Category Archives: Garden

Tidbits

20161120_1003181600x1200We are fast approaching Thanksgiving and we’ve had our second hard freeze.  The first time I carted the vulnerable jalapenos into the garage overnight but I didn’t this time.  I combed through the wilting foliage for the last harvest.  The cornbread cubes are drying in anticipation of making a dressing.  I baked a loaf of plain white bread earlier and dried them in a low oven.img_20161119_112743_processedHere’s another treatment of the picture of Bea among the habaneros, it’s done with the “mosaic” filter in the Prisma app.  It most effective when there are a lot of discrete elements within the photo like the leaves and peppers in this one.20161120_1635431600x1200Sammich pr0n!  This is a cod fillet that had been dredged one time in a commercial fish breading that I added some coarser cornmeal to.  I made a very busy tartar sauce of mayo, onions, chives, horseradish, jalapeno, lemon juice, salt and pepper – and topped that with slaw.20161118_1649221600x1200Here’s a chicken breast that was slow cooked in the toaster oven with my (current) favorite hot sides of fried potatoes and sauteed Brussels sprouts.20161119_1643391600x1200Just your basic cheeseburger – pickles, onions, mustard.img_20161119_112949_processedHere’s that mosaic filter again. The algorithm that draws in the tiles has trouble with the motion blurred background.  And that tongue!  LOL20161116_1225541600x1200I had the stub end of a loaf of Italian bread left over from making garlic bread to go with a small lasagna I made the other day.  The lasagna was pretty good but I served it right out of the oven and the layers slipped and slid all over the plate in the bechamel/tomato sauce.  Served it in a bowl, I could have called it soup.  Ha Ha I meant to do that!

Moar Fresh Figs!

20161106_1144371600x1200This is the largest harvest yet but still shy of the bounty in my daydreams.  We cut them in half and squeeze the pulp out into our mouths.  We’ve already scarfed down all those that posed, cut, for their portraits.

Loving My Grape Vines And The Jelly, Too

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My Concord grape vines are still bringing happiness with their vivid fall colors.

Making Grape Jelly was much easier than I thought. I was intimidated at first, because my experience with Apple Butter was painful. Jelly was much easier.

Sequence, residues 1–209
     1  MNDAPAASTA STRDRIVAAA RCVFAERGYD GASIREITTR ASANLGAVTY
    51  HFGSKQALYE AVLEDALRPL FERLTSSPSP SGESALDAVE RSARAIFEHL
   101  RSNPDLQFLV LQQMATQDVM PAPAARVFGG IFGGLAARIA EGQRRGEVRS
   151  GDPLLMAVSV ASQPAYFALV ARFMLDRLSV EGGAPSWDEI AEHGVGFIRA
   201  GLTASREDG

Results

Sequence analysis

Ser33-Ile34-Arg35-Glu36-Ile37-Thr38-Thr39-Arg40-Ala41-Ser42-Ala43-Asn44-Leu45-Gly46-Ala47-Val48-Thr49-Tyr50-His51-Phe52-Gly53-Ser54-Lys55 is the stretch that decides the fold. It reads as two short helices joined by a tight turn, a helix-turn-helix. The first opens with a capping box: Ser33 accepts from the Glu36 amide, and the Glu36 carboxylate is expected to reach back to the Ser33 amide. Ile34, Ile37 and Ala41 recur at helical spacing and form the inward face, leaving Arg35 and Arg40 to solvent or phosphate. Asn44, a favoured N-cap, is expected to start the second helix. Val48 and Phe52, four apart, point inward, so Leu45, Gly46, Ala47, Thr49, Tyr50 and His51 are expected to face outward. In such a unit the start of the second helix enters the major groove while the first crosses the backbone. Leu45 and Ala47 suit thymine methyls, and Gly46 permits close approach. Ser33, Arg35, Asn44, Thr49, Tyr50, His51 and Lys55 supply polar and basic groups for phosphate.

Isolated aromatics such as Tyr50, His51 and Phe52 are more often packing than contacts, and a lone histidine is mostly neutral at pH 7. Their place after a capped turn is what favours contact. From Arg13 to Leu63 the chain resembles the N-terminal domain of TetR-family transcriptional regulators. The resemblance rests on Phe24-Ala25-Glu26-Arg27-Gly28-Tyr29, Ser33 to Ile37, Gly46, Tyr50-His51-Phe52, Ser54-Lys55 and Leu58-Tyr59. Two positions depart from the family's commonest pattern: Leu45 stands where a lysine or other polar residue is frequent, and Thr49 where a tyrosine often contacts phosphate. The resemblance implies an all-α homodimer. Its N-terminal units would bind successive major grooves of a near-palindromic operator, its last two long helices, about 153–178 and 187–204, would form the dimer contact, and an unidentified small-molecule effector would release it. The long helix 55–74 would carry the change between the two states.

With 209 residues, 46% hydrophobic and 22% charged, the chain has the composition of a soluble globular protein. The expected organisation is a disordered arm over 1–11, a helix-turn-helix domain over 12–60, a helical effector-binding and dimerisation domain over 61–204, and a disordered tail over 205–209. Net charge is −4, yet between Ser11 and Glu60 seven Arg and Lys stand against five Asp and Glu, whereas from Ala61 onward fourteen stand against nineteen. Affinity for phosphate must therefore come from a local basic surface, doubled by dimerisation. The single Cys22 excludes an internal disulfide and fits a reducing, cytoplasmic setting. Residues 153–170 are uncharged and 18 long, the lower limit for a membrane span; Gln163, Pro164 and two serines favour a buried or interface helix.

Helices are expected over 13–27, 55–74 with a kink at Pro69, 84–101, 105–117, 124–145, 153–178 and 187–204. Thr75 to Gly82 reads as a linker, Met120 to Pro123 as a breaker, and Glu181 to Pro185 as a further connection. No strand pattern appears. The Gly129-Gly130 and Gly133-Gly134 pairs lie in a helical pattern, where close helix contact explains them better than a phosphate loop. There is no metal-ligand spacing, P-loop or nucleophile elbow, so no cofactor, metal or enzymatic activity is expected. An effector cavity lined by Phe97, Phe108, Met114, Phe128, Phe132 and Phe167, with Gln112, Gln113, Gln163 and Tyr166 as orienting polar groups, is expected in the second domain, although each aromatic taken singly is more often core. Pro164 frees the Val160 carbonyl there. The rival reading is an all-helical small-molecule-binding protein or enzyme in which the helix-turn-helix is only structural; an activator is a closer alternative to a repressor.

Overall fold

Evening Harvest

Probably the most difficult part was separating the grapes from the stems. I did a bunch at a time over a few days, so it wasn’t terribly tedious. Once they were free from stems, I whipped them through the VitaMix and then ran them through a fine sieve. That was enough to keep the flavor of the skins, but separate them from the seeds.

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I made four batches as the grapes ripened in nice small batches. I decided to go with a low-sugar pectin (this one) because LFern had a box and gave it to me. Come to find out, it is one of the few without added sugar in the pectin itself. The grapes were sweet enough that I’m glad I did. There is only about a tablespoon of sugar per jar.

calcium-water

Calcium water is used to help set the jelly. It has a smoother texture than regular jelly. Also, because there is so much less sugar, the color is deeper and not as jewel toned as high sugar jelly. Turns out it’s all that sugar that gives it the vibrant, clear hues.

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It only took about five minutes cooking from start to finish. Since I was freezing it instead of canning, that was it for cooking. The finished product lasts for up to a year in the freezer and about two weeks once thawed and refrigerated.

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It is delicious and I cannot wait for next year’s harvest. I’m not including a recipe because it’s best to follow the one that is included with your pectin. In my research it appears each one has different ratio of ingredients to get the best texture and flavor.

Anyone else make jams and jellys this fall? How about wine? I gave way almost as many as I picked to someone who was going to make wine. Can’t wait to hear how it came out.



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View From My Room

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Green Salsa Smothered Chicken Over Rice

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This is made from the green salsa I made from the tomatillos growing in my garden. There weren’t a lot, so I only had enough salsa for one meal. It was so good, I was disappointed by the amount.

I’ll post the recipe this weekend, fingers crossed. I’m very close to completing my original list of projects. The master bedroom is finished, complete with art on the walls. Freshly painted, shelves put in the closets, old furniture touched up, new bedding. My goal this weekend is to finish the music room (that will also serve as the guest room) and finish painting the new front door.